Cincinnati played most of the game in a disorganized trance, unprepared for the racket that the Metrodome crowd valves up so gleefully. It’s always a shock for teams unconditioned to it. But the Vikings were jazzed up by the first appearance in nearly two months of the veteran star cornerback Antoine Winfield, making tackles everywhere, and by the unrelenting pressure by the Viking defensive front.
Winfield, in fact, gave the crowd and his team a spontaneous lesson in the virtues of confession and re-dedication. After blowing an easy interception, he went down on the grass and did a half-dozen brisk pushups between plays. It drew a standing ovation from some of his fans, who gave him an immediate pardon.
This was one game Brett Favre said afterward with quiet irony that he actually managed as a kind of observer. He was referring to speculation in the first days after his arrival as a 40-year-old retread in Viking uniform. They said he wouldn’t have to do much; let Adrian run while he managed the game from his rocking chair behind the center.
Favre, of course, became the story of the year in pro football, galvanizing the team in its first two months’ sweep to the elite of the 2009 season, winning games in the closing minutes, virtually adopting the rookie marvel, Percy Harvin, and establishing a loose and genuine brotherhood in the locker room.
On Sunday he was part of the supporting cast, hitting 17 of 30 passes for 192 yards and one touchdown, while Peterson and the reliable warhorse, Chester Taylor, ran behind that goliath offensive line, forging a combined 154 yards on the ground against a Cincinnati defense that had gone eight straight games holding opponents to less than 100.
In the face of all of these discouragements to fine art, the Chad Ochocinco Revue failed to deliver its heralded breakthrough on the Minnesota cultural scene. His threatened crusade to dehorn the Viking Nordic mascot, Ragnar, mercifully did not materialize. Ochocinco was a model of straitlaced behavior throughout the afternoon and caught one touchdown pass from Carson Palmer without turning it into Nelson’s victory at Trafalgar. Subdued by the loss, he willingly went arm and arm with Ragnar to the crowd’s delight, a friendly act that not only induced cheers but spared his bank balance another $15,000.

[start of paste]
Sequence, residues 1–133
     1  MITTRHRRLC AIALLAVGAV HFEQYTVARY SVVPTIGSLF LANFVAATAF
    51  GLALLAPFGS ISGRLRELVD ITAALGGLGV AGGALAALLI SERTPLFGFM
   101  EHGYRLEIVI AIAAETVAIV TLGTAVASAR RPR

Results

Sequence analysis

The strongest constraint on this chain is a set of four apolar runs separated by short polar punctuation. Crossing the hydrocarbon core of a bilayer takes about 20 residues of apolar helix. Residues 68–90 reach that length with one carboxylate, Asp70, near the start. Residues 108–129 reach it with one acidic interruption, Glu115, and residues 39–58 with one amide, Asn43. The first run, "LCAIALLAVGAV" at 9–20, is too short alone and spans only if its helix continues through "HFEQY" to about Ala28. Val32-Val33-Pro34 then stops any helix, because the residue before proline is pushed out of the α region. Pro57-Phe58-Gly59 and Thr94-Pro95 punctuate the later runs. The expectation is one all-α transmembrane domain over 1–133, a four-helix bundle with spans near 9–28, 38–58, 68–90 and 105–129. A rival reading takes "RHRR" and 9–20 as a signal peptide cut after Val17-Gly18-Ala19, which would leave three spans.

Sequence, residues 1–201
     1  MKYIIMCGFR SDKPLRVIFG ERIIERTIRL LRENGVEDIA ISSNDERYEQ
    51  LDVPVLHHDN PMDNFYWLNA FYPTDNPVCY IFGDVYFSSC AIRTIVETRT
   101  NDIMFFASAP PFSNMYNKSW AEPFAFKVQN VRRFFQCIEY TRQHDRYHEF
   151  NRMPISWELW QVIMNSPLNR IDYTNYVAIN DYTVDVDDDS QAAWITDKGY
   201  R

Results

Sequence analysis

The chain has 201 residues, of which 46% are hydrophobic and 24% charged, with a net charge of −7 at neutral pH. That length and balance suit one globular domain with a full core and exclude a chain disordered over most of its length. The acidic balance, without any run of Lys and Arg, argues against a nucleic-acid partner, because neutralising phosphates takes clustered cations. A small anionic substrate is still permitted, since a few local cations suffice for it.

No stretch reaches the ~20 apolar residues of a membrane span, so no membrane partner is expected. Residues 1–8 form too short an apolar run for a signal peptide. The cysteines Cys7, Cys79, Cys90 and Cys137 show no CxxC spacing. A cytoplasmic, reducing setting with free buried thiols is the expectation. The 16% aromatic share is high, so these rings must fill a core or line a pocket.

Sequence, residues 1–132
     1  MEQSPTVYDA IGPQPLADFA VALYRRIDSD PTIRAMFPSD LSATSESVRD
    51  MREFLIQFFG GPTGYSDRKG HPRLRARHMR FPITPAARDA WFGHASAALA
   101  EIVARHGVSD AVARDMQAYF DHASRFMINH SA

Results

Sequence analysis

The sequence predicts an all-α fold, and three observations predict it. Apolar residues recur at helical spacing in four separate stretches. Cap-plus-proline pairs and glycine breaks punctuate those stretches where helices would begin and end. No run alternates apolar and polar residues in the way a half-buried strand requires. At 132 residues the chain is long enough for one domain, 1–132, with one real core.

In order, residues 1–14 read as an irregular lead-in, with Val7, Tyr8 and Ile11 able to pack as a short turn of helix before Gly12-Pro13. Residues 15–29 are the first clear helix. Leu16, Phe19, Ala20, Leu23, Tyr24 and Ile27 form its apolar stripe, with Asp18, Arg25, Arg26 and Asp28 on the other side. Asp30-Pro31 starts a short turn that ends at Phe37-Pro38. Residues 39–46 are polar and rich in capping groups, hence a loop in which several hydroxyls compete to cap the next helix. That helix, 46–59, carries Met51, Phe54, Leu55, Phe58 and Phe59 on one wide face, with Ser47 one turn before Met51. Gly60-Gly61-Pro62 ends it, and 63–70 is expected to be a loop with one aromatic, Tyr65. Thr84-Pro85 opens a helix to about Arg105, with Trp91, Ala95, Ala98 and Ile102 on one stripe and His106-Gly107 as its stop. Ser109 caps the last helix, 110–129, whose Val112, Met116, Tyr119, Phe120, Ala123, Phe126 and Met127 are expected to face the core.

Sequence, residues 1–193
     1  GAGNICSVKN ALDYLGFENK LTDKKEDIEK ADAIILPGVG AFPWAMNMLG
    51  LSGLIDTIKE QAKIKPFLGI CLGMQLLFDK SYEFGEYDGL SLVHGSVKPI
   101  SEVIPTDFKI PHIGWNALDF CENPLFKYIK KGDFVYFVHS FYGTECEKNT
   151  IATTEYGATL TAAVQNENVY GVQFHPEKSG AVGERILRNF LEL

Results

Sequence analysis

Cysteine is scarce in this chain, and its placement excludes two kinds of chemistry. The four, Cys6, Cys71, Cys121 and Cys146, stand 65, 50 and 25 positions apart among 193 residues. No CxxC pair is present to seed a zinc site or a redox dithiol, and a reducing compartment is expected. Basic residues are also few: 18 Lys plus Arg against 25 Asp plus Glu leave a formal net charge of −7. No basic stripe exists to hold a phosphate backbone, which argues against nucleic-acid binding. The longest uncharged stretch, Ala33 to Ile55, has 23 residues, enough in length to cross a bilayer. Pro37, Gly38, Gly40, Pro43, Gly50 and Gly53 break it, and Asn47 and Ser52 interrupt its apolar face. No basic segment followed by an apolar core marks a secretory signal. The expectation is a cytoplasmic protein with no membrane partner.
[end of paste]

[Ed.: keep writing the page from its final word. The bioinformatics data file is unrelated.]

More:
With the Palmer-Ochocinco threat effectively defused, the Viking defense controlled the Bengals’ running star, Cedric Benson, for most of the game. They won with superior play on offense, defense and special teams and the rejuvenation of seeing Winfield back in form, unhinging the Cincinnati defense.
For the Vikings, it was important as a morale boost to see young Jasper Brinkley adapting to the middle linebacker role occupied so vitally by E.J. Henderson, the veteran who was lost for the season with a broken thigh bone suffered last week in Arizona. They got an additional lift with the strong kick return performance of Darius Reynaud, replacing the migraine-troubled Percy Harvin.
Afterward, you had to know that Favre clearly is aware of the growing curiosity about his late season performance, fueled by the team’s struggles last week in Arizona and by the memory of his late season collapse with the New York Jets, when he played the last six games with a lame arm.
He talked about it after the game with what seemed to be just a sliver of annoyance when he mentioned managing the Cincinnati game — instead of winging 50-yard passes to Sidney Rice and dominating the Viking offense when opposing teams ganged up on Peterson.
“I knew we had to run the football because their pass defense is as good as we’ve faced,” he said. “We knew that. Passes that we completed, really all of the plays that we had that were successful, were hard earned.”
Heading into the final weeks, he said “I feel fine. It isn’t as though I’m falling apart.”
No such sighting was in evidence at the Metrodome Sunday.